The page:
Maybe so, but in a business known for supersize egos, Gyllenhaal's small acts—like his tendency to let everyone else go through the catering line before him during the two-month shoot for Mile in Massachusetts and L.A. last year—did not go unnoticed. "Everyone had crushes on him—wardrobe, makeup, everybody," says his costar Aleksia Landeau, 27. "He's not like those actors who are like, 'Look at me!' He has a poetic soul. He lets people come to him."
Like directors, for starters. Since making his film debut as Billy Crystal's son in 1999's City Slickers, Gyllenhaal (pronounced JILL-en-hall) has racked up credits that belie his 21 years—from playing NASA engineer Homer Hickman Jr. in 1999's October Sky to his acclaimed turn as a store clerk who seduces Jennifer Aniston in The Good Girl. Yet it was more than his résumé that won over Oscar winner Sarandon, who plays the mother of Gyllenhaal's murdered fiancée in Mile. The activist actress was impressed when Gyllenhaal refused to appear in a commercial for a corporation with a dubious environmental record. "He's gorgeous, he's smart—and he's thoughtful," she says. Not to mention a cutup. After a 20-hour day on-set, the veteran performer couldn't pull herself together to film one final scene for Mile in the face of a giggling Gyllenhaal. "He'd look at me and I'd look at him, and we'd crack up," she says. "We never filmed the scene."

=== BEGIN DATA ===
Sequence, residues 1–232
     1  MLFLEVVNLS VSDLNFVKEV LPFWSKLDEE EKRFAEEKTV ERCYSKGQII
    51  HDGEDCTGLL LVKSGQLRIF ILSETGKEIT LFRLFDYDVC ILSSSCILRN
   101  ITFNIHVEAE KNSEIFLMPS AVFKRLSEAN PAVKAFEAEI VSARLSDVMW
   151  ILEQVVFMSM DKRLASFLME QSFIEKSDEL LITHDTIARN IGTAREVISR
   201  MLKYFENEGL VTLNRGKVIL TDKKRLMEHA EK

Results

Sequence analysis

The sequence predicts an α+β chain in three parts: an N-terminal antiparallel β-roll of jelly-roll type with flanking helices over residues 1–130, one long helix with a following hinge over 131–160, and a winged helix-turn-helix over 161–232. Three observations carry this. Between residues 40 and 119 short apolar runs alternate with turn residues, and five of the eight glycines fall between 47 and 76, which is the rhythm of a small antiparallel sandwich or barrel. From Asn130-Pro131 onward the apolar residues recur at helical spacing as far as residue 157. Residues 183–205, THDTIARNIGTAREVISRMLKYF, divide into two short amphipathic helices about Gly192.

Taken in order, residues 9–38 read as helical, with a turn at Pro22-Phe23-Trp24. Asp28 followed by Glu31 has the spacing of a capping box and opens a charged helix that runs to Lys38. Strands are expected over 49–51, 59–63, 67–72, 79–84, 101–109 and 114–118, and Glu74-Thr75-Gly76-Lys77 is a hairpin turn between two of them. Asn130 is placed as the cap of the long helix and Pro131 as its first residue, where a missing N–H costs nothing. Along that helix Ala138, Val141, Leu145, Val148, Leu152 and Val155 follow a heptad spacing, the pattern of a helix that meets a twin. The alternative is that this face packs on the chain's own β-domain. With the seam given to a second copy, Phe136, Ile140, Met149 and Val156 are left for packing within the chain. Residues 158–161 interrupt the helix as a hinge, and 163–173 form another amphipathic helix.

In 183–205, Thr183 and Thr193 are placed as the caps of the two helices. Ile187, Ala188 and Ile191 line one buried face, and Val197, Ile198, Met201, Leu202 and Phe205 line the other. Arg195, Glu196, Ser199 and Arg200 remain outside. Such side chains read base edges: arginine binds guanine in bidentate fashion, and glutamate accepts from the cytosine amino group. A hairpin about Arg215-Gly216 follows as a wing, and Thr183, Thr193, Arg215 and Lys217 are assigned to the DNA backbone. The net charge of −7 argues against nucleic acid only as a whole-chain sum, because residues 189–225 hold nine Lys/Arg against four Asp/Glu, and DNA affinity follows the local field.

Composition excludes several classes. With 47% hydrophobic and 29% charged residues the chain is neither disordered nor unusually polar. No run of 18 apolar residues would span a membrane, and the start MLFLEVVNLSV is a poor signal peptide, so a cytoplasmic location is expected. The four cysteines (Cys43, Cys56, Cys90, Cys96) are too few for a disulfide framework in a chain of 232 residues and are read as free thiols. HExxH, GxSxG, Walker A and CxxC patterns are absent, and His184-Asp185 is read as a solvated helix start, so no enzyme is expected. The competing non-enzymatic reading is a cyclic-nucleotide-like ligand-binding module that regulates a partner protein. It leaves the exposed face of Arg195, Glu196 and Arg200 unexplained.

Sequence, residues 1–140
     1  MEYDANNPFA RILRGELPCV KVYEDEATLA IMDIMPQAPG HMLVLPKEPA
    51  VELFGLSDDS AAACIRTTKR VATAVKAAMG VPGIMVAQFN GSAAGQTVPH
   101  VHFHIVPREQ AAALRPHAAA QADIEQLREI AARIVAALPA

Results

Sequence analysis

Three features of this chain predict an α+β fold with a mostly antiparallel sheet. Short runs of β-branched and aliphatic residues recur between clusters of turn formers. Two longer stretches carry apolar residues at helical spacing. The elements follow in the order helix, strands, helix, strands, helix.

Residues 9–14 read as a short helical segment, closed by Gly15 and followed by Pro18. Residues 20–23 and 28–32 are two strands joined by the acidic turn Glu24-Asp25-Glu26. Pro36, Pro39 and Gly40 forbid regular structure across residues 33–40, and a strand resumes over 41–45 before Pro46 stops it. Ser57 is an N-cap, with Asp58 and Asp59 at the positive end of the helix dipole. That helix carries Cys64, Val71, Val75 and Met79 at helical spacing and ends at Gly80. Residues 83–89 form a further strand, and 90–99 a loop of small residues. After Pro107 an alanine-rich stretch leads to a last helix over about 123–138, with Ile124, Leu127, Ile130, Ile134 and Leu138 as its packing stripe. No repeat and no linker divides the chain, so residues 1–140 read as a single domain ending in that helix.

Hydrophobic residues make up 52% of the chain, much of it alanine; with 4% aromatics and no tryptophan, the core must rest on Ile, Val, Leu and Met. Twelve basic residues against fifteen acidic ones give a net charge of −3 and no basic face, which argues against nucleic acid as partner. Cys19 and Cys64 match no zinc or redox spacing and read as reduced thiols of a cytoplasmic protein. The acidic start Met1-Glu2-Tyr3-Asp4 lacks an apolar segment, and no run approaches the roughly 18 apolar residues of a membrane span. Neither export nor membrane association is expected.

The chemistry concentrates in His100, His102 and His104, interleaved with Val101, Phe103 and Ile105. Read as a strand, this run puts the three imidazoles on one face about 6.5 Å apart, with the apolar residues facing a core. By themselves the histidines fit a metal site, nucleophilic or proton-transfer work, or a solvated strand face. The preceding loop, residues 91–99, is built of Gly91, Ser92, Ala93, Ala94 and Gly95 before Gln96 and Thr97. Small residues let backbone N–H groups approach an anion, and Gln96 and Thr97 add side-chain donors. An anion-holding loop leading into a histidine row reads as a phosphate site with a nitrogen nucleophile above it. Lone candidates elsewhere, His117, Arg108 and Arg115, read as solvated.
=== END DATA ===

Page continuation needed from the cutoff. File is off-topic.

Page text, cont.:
Gyllenhaal's self-proclaimed "goofy" spirit also won over Dustin Hoffman (who plays his fiancée's father). "Success hasn't changed him; he's retained his own unique, personal insanity," Hoffman says with a chuckle. "He has a great sense of himself."
A result, no doubt, of what Gyllenhaal has called his "dramatic, outspoken" family: director father Stephen (Losing Isaiah), screenwriter mother Naomi Foner, 56 ('88's Running on Empty), and actress sister Maggie Gyllenhaal, 24. Born in L.A., Jake "was a regular kid," says Jamie Lee Curtis, a family friend. "He didn't walk around with a Future Movie Star button." Still, when Jake was 13, his father gave him a role in 1993's A Dangerous Woman (scripted by his mother), and he caught the bug. After graduating from L.A.'s Harvard-Westlake School in 1998, he headed to Manhattan to study Eastern religion at Columbia University and worked as a busboy and a sous-chef to help pay rent. Two years later he dropped out and returned to L.A. to act. "Jake is more honest with me than anyone else in my life," says Maggie, a Manhattanite who starred with her brother in last year's Donnie Darko and currently appears in the indie drama Secretary. "We did fight as kids," she says, but now "he's one of my best friends."
Since their careers keep them on the move, the siblings have been getting by mostly on phone chats—but Jake gets more quality time with his parents. In between shoots, he unpacks his bags—and makes his famous home-cooked meals—at either their house on Martha's Vineyard or their place in L.A., where Maggie, too, still has a room. As Curtis says, "They're a very rooted family." Next month Jake heads to Montreal to film the action adventure The Day After Tomorrow with Dennis Quaid. Until then, he keeps busy reading ("I'm slogging through David McCullough's biography of John Adams," he says), listening to Coldplay and Eminem and hitting L.A. hot spots like Les Deux Cafes. Previously linked with actress James King, he is now happily single, says Mile director Brad Silberling. "He gets to stay out late and not have to come home and feed the dog or the baby." Not that he'll mind when the time comes, Silberling adds: "He's a generous soul."
Alexis Chiu and Julie Jordan in Los Angeles and Natasha Stoynoff in Toronto